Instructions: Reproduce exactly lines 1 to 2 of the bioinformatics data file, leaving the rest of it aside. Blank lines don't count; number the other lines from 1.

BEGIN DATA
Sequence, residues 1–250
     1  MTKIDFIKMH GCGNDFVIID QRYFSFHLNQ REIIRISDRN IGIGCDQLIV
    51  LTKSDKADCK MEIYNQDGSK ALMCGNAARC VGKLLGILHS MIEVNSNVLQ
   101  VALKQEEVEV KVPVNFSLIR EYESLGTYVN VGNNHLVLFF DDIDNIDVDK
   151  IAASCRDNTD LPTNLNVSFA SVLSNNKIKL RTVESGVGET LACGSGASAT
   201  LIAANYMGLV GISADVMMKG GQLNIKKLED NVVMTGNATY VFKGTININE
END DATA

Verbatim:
Sequence, residues 1–250
     1  MTKIDFIKMH GCGNDFVIID QRYFSFHLNQ REIIRISDRN IGIGCDQLIV